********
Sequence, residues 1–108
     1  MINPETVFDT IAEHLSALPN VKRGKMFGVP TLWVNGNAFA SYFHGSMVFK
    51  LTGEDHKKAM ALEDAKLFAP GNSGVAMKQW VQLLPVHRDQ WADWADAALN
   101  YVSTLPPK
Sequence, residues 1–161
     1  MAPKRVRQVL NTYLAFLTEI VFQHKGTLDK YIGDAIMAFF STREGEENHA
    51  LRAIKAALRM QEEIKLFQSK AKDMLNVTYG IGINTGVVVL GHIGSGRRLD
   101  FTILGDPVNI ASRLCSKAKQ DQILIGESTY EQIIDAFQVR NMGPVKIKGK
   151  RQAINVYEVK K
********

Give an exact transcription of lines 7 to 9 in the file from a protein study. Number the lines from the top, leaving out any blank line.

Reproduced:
    51  LRAIKAALRM QEEIKLFQSK AKDMLNVTYG IGINTGVVVL GHIGSGRRLD
   101  FTILGDPVNI ASRLCSKAKQ DQILIGESTY EQIIDAFQVR NMGPVKIKGK
   151  RQAINVYEVK K